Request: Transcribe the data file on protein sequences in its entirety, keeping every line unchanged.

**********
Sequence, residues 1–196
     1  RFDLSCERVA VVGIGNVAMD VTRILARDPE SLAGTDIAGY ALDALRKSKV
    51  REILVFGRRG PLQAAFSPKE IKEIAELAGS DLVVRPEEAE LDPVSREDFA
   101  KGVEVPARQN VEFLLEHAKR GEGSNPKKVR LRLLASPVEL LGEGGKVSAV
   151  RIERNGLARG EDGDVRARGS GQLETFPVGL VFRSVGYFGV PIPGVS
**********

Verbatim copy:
Sequence, residues 1–196
     1  RFDLSCERVA VVGIGNVAMD VTRILARDPE SLAGTDIAGY ALDALRKSKV
    51  REILVFGRRG PLQAAFSPKE IKEIAELAGS DLVVRPEEAE LDPVSREDFA
   101  KGVEVPARQN VEFLLEHAKR GEGSNPKKVR LRLLASPVEL LGEGGKVSAV
   151  RIERNGLARG EDGDVRARGS GQLETFPVGL VFRSVGYFGV PIPGVS